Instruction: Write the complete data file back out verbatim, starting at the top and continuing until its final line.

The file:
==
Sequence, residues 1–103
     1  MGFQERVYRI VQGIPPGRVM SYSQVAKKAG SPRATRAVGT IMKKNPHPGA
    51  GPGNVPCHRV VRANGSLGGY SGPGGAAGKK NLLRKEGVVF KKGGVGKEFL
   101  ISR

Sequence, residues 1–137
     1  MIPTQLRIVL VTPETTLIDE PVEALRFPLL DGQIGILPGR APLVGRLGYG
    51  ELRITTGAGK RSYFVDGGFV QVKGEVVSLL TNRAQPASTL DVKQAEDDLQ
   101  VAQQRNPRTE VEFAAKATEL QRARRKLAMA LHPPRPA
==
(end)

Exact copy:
Sequence, residues 1–103
     1  MGFQERVYRI VQGIPPGRVM SYSQVAKKAG SPRATRAVGT IMKKNPHPGA
    51  GPGNVPCHRV VRANGSLGGY SGPGGAAGKK NLLRKEGVVF KKGGVGKEFL
   101  ISR

Sequence, residues 1–137
     1  MIPTQLRIVL VTPETTLIDE PVEALRFPLL DGQIGILPGR APLVGRLGYG
    51  ELRITTGAGK RSYFVDGGFV QVKGEVVSLL TNRAQPASTL DVKQAEDDLQ
   101  VAQQRNPRTE VEFAAKATEL QRARRKLAMA LHPPRPA